“What I see happening around me is depressing. The knowledge of how to create stunning reproduced sound exists, but because people in general don’t read, and many don’t believe in science, the average consumer ends up living with inferior sound when the same money could have purchased more. Countless hours in audio forum discussions are no substitute for a few days reading peer-reviewed science.” Also “…far too many audiophiles follow faith-based notions that the answers to perfect sound lie in distractions like power cords, speaker wires, and exotic electronics. This is money not well spent.”
These are the words of Floyd E. Toole, as taken from an article that appeared in the December 2017 issue of AudioExpress, in an interview by author Shannon Becker. Floyd Toole is the noted author of Sound Reproduction (Routledge, 3rd edition, 2018), a valued audio reference that’s now in its third printing. Prior to his recent retirement Toole was VP in charge of acoustical engineering at Harman International, one of the largest audio equipment conglomerates in the U.S. He is widely recognized and respected for a lifetime of research and achievement within the audio engineering industry.
One of the things that Toole finds vexing is the illogical means favored by audiophiles to assess the potential benefit of component upgrades. That process generally initiates with obvious and overt disinterest in any of the related technical issues. Critical detail like impedance compatibility, input sensitivity, and stage gain get dismissed without review, overrun by the compulsion to conduct listening trials of how stuff sounds. In truth, listening tests bear no consequence. A comprehensive 2012 paper (http://www.pnas.org/content/110/36/14580) that was devoted to the study of aural memory plainly shows that listening perception is a fleeting sensory response that’s readily swamped by overriding visual influences. Subjective aural impression is just too elusive to serve as a reference for later comparison. Barring cases of badly mismatched circuit compatibility, attempts to evaluate component quality by subjective listening will yield randomized results. The ear cannot serve as a viable accuracy indicator unless the response is monitored in a collective group setting, administered under “double blind” test conditions, and summarized with appropriate statistical oversight.
Another flaw innate in evaluating audio quality by ear is that the implied goal has become so very conflicted. The original aim was “high fidelity”, meaning faithful to the original; i.e. accuracy. In more recent decades this zest for accuracy has softened. The present target is more often “sound that I like”; i.e. a euphonious sound. This state of euphony gets variously described as lying somewhere between select extremes that are popularly labeled “too warm” and “too detailed”, a.k.a. “too analytical”. Of course, that’s a slippery scale, and alternate choices are likely to bob ahead dependent on the source material, mood, hour, choice of libation, and the velocity of warp speed when expressed in furlongs-per-fortnight.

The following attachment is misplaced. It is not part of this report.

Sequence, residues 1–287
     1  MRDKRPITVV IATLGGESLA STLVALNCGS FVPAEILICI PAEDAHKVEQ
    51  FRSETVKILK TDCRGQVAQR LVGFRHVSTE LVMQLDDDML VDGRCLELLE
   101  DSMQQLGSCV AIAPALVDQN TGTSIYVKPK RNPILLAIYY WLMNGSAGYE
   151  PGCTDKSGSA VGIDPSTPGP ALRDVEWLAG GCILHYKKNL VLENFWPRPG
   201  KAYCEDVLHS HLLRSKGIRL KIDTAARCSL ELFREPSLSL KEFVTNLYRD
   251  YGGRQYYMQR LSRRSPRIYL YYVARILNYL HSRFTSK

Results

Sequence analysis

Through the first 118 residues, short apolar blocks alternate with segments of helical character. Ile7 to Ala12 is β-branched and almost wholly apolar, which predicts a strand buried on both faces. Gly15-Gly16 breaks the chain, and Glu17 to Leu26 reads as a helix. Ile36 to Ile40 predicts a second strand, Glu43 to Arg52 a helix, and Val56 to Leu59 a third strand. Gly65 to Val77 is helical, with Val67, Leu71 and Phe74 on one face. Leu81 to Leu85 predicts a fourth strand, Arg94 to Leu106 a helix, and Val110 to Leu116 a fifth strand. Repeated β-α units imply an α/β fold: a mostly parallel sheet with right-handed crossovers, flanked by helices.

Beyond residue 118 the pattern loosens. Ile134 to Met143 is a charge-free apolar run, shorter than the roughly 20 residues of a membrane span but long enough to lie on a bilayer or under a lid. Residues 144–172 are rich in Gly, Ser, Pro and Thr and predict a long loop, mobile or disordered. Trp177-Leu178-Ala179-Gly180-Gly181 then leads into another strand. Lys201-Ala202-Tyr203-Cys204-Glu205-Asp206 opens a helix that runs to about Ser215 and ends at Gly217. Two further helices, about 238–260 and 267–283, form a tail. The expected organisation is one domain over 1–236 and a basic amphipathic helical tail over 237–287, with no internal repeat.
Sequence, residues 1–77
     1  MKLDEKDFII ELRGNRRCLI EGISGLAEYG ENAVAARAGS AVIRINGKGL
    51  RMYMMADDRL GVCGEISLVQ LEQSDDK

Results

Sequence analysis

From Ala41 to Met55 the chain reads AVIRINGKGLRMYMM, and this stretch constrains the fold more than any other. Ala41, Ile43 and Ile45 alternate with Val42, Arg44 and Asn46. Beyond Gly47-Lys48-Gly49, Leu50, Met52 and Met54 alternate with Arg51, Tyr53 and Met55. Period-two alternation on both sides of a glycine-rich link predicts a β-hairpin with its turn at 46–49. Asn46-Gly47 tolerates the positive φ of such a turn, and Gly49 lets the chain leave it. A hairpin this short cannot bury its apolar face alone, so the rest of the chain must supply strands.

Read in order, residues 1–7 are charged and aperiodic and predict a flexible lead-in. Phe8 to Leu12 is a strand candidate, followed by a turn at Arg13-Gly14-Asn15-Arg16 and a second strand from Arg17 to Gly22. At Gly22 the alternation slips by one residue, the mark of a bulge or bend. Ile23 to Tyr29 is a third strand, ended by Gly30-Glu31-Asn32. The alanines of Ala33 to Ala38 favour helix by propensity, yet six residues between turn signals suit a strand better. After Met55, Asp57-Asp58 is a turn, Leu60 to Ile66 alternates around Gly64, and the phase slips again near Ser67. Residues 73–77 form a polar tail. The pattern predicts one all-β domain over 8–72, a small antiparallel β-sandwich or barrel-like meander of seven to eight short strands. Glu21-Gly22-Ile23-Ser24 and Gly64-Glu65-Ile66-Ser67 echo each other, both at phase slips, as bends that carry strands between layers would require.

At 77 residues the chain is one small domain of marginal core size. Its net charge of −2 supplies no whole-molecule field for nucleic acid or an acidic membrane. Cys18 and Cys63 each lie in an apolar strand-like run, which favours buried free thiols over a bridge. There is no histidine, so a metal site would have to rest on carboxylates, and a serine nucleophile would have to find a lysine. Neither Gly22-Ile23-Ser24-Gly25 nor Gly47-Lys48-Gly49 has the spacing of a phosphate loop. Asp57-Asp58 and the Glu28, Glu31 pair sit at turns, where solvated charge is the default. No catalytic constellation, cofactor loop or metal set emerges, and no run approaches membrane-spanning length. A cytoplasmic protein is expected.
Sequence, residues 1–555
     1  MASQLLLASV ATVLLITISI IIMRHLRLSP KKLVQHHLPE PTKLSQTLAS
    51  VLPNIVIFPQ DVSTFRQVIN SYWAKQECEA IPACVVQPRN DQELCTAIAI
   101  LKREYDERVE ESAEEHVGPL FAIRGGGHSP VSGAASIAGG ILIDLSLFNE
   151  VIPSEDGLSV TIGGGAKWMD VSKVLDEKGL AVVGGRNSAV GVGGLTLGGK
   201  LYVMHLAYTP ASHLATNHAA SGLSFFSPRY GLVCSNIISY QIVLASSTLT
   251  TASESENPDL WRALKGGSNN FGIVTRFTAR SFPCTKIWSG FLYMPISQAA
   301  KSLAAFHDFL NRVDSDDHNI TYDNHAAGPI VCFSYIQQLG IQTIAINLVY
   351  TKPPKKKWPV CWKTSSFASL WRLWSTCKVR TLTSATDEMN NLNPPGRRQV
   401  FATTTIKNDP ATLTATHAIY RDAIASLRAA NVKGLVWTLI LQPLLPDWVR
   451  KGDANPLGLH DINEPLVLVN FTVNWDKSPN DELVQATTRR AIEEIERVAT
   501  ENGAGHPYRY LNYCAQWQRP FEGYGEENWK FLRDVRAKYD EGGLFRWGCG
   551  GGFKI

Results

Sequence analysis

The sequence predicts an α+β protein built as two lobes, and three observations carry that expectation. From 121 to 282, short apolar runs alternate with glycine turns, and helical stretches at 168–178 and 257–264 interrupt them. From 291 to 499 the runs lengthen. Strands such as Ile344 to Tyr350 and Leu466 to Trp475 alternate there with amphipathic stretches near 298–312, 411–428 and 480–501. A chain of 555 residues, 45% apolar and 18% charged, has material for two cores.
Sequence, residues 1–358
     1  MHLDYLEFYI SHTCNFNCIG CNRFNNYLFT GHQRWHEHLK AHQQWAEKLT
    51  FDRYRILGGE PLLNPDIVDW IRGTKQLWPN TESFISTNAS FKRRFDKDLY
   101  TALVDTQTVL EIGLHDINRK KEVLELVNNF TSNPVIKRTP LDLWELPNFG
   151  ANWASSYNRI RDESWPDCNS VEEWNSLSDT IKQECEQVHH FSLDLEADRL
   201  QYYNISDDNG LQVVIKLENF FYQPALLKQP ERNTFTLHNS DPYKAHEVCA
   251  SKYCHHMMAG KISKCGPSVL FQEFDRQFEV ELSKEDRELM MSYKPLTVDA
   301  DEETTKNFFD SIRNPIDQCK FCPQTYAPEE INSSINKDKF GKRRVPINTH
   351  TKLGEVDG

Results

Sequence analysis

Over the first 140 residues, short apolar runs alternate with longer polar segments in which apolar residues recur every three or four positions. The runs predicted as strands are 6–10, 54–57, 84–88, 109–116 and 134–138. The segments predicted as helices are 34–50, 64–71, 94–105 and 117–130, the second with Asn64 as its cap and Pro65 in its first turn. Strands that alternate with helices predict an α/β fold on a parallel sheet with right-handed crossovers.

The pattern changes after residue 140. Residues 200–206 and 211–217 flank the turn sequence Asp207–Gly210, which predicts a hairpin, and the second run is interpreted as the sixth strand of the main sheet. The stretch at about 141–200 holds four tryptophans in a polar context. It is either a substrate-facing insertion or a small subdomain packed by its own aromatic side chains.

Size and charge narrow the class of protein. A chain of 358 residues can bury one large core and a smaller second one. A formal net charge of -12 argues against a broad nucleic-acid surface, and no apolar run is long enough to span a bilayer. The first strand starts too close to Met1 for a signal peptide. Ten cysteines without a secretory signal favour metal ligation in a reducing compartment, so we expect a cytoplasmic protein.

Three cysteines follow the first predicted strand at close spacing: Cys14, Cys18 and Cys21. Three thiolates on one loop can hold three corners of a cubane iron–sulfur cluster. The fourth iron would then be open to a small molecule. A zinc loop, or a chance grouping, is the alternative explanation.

Given this evidence, it’s apparent that mere listening alone is not a reliable basis for assessing the excellence of audio equipment. So, what’s a better alternative? What’s a good way to rate equipment and system upgrades without resorting to the groupthink blather that pervades most of the audiophile forums? Well, here are some suggestions….
Per Toole, try reading. Reacquaint your expectations with the glorious certainty of science. Do some basic study of the established physics, e.g. Ohms law, impedance requirements, voltage gain, load compatibility—the standard analog essentials that describe operative fit and function. Determine precisely what your equipment specifications mean; learn about their significance and the limitations that they imply. Understand why low resistance is the only parameter that will matter when you connect eight feet of cable between the output terminations on your power amplifier and the input terminations on your loudspeakers.
Seek objective resources. Most of the audio advisory publications are hopelessly subjective, but there are exceptions, notably the Audioholics site: https://www.audioholics.com. In addition to competently researched product reviews they also offer intelligent tutorial and opinion guidance; note the numerous technical articles that are cited toward the bottom of this section that introduces the Audioholics owner at https://www.audioholics.com/authors/gene-dellasala.
Last—buy this reference compendium*: https://www.abebooks.com/servlet/BookDetailsPL?bi=30158293718&searchurl=isbn%3D9780415788847%26n%3D100121501%26sortby%3D17&cm_sp=snippet-_-srp1-_-title7. It’s The Audio Expert, by Ethan Winer (Routledge, 2nd Edition, Dec. 2017). Be absolutely certain that you buy only the new 2nd edition (Dec. 2017); ISBN-13 9780415788847. This book is a 783 page (fully indexed) source for “Everything You Need To Know About Audio”. The author is a solid science-based audio engineer who subscribes to all of the vital basics (nicely capsuled in Chapter 23). In addition, he’s a patient psycho-acoustician who can explain to you why you felt that the sound improved after installing those new $1,200 speaker cables. (There’s more to it than mere confirmation bias; refer p. 100.)
*The referenced site is that of bookseller C. Clayton Thompson (https://www.abebooks.com/c-clayton-thompson-bookseller-boone-nc/44399/sf). This shop’s collection of books relating to military history is unique; well worth perusing. As is Thompson’s vacation rental hideaway at https://www.petitemaisondulac.com/cabin.html. This is a nice place to buy books, regardless of theme.